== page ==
Referring now to the drawings and the characters of reference marked thereon, FIG. 1A illustrates a first embodiment of a tunable filter, designated generally as 10, in accordance with the principles of the present invention. The tunable filter 10 includes a first resonator 12 and a second resonator 14. A conductive grid assembly 16 is electrically coupled to the first and second resonators 12, 14 and coupled to ground. The conductive grid assembly 16 alters the coupling between the first and second resonators 12, 14.

Coil resonators 12, 14 are shown in FIG. 1A although other suitable types of resonators can be used such as microstrip resonators, stripline resonators, or resonant cavities. In this FIG. 1A embodiment the resonators are illustrated in a vertically coiled orientation. However, as will be seen below, they may be, alternatively, positioned horizontally.

The conductive grid assembly 16 preferably includes a conductive grid element 18 electrically coupled to the first and second resonators 12, 14; and, a ground coupling element 20 connected between the conductive grid element 18 and ground 22 for altering the coupling between the conductive grid element 18 and ground 22. The conductive grid element 18 comprises a conductive section 24 and a plurality of dielectric sections 26 adjacent to the conductive section 24 and arranged in a grid pattern. The conductive grid element 18 is formed of a conductive substance, generally a metal such as copper, silver, or gold screen printed on to a substrate; or may be a printed circuit board with etched out openings; or a multilayer trace with vias. Those skilled in the art are aware of a number of different ways that such a grid can be formed. The dielectric sections 26 may be air openings or may contain another dielectric material such as a ceramic material. FIG. 1A illustrates use of a single-layered conductive grid element 18; however, as will be disclosed below, multi-layered conductive grid elements may be utilized.

The ground coupling element 20 may include, for example, a varactor, switch capacitor bank, RF switch, or mechanical switch. As shown in FIG. 1A, it may have an inductor connected to a variable voltage supply to provide the varying coupling.

Referring now to FIG. 1B a simplified electrical schematic of the tunable filter of FIG. 1A is illustrated, designated generally as 28. The resonators 12, 14 are coupled through the tunable conductive grid assembly 16, which operates as a “floating” grid. As the grid is coupled to ground, the capacitance between the resonators is diminished, thereby reducing the coupling of the two resonators.

Referring now to FIG. 1C, the results of an investigation performed using an EM simulator is illustrated. This investigation used low temperature co-fired ceramics (LTCC) technology. Curve 30 shows the frequency response curve with 28V applied to the varactor resulting in a capacitance of 0.64 pF. Curve 32 shows the frequency response curve with 5V applied to the varactor resulting in a capacitance of 2.74 pF. In this example, the bandwidth has been reduced from 230 MHz to 140 MHz. The relatively wide bandwidth of curve 30 (28V) illustrates the low capacitance/greater coupling while tuning from 5V to 28V. The capacitance required to change the coupling of the resonators is magnified 20 to 40 resulting in capacitances that are more manageable to vary. In addition, the ratio of capacitance is greater reducing the sensitivity. Curves 34 and 36 illustrate the return loss of the filter.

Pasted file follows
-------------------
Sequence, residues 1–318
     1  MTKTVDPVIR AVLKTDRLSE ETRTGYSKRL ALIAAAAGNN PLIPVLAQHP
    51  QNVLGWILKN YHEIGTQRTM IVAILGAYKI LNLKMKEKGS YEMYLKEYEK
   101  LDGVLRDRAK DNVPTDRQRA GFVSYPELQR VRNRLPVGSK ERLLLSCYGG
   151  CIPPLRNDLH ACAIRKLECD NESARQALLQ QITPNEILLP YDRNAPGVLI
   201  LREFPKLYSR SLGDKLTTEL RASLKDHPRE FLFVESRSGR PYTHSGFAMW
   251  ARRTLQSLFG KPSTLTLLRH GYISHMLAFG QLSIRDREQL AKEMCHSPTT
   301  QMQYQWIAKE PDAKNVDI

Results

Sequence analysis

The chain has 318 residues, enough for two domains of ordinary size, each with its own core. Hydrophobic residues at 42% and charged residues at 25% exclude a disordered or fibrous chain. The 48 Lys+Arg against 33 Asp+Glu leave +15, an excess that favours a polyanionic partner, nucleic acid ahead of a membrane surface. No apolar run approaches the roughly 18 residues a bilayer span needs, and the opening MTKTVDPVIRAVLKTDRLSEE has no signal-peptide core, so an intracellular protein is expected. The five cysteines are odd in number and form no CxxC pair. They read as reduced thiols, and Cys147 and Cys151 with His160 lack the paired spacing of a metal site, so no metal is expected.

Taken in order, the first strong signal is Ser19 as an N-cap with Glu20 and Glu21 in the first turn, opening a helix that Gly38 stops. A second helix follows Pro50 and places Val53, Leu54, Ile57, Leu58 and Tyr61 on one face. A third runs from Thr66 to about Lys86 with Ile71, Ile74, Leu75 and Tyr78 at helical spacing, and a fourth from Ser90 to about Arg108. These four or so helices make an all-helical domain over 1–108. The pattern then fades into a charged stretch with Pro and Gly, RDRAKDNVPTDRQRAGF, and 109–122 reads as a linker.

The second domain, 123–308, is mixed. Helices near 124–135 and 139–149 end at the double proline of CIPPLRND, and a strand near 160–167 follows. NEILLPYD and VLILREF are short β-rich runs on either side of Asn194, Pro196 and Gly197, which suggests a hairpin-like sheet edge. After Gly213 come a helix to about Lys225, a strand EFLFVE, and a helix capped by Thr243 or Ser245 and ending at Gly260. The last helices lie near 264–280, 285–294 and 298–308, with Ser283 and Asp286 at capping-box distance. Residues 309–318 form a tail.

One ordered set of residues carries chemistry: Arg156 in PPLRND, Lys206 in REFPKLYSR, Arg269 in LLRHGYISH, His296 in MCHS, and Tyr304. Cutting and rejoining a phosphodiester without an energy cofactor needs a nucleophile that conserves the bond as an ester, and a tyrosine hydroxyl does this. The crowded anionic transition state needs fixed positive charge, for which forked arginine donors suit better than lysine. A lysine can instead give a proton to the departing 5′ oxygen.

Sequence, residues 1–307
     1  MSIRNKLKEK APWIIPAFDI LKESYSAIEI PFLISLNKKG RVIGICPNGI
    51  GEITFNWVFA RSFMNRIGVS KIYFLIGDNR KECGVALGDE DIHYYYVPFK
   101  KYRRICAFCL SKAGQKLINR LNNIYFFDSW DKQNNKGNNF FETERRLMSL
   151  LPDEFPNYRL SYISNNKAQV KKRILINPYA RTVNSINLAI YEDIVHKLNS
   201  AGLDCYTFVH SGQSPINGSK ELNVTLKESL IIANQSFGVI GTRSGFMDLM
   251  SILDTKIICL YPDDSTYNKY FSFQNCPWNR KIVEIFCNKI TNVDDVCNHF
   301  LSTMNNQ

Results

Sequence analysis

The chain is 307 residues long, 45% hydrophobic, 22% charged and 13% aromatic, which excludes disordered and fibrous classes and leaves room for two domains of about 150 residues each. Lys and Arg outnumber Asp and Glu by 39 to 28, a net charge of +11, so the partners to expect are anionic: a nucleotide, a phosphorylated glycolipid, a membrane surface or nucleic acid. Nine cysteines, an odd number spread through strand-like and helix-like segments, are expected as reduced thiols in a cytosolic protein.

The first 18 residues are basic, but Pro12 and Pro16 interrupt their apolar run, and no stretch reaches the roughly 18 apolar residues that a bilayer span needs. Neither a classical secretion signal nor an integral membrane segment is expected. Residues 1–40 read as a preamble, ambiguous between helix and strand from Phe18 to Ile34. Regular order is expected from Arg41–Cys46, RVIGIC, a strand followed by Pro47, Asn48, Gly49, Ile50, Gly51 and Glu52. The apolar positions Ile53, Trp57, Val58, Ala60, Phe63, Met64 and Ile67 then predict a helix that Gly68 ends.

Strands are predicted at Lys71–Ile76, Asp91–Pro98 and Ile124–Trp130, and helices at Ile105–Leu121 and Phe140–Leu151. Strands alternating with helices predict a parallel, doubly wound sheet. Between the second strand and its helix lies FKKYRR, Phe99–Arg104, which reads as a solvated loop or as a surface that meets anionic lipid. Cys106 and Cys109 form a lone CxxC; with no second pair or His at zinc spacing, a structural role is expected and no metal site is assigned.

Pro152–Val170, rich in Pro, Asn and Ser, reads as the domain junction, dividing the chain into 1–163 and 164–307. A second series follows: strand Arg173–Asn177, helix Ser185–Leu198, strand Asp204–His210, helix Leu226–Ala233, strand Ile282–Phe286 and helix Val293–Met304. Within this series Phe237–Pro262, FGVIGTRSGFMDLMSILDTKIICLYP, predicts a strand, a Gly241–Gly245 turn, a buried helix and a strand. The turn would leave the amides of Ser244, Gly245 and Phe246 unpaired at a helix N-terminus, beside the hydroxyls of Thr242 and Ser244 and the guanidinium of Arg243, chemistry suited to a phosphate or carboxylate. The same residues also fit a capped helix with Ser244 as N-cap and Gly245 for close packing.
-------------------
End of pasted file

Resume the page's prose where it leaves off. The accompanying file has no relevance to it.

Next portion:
Referring now to FIG. 2, a second embodiment of the tunable filter of the present invention is illustrated, designated generally as 38, utilizing horizontally coiled resonators 40, 42 and a multi-layer conductive grid assembly 44. The orientation of the resonators and layering of the conductive grid assembly would be in accordance with the user's design parameter requirements.

In FIG. 3, a third embodiment of the tunable filter of the present invention is illustrated, designated generally as 46, utilizing horizontally coiled resonators 48, 50 and a single layer conductive grid assembly 52.

Referring now to FIG. 4A, a fourth embodiment of the tunable filter of the present invention utilizing three resonators is illustrated, designated generally as 54. In this embodiment, all three of the resonators 56, 58, 60 are placed on one side of a single layer conductive grid assembly 62. This provides some simplification in design over the embodiments of FIGS. 1-3 if over two resonators are used. In this embodiment, the conductive grid assembly is coupled to ground at a single point creating a pole of attenuation near the pass-band as shown FIG. 4B curve 66. This pole of attenuation is also tunable as can be seen from curve 64 as the coupling element is changed from 0 pF to 100 pF allowing for additional control of attenuating spurious frequencies.

FIG. 5A shows an embodiment, designated generally as 68, again using three resonators 70, 72, 74. In this embodiment, the conductive grid assembly is coupled to ground at three points reducing the proximity of the pole of attenuation near the pass-band as shown in FIG. 5B curve 84. This pole of attenuation is also tunable as can be seen from curve 82 as the coupling elements 76, 78, 80 are changed from 0 pF to 100 pF allowing for additional control of attenuating spurious frequencies.

Although several embodiments have been illustrated, other embodiments and configurations may be devised without departing from the spirit of the invention and the scope of the appended claims.

Furthermore, although the principles of this invention have been discussed relative to a tunable filter they can be used for a tunable coupler, balun or other coupled line type of circuit that can benefit from tuning.

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Classifications
U.S. Classification333/202, 333/236, 333/204
International ClassificationH01P1/20
Cooperative ClassificationH01P1/20381
European ClassificationH01P1/203C2D
Legal Events
DateCodeEventDescription
Nov 21, 2007ASAssignment
Owner name: ROCKWELL COLLINS, INC., IOWA
Free format text: ASSIGNMENT OF ASSIGNORS INTEREST;ASSIGNOR:ESTES, JOHN C.;REEL/FRAME:020193/0724
Effective date: 20071120
Nov 5, 2012FPAYFee payment
Year of fee payment: 4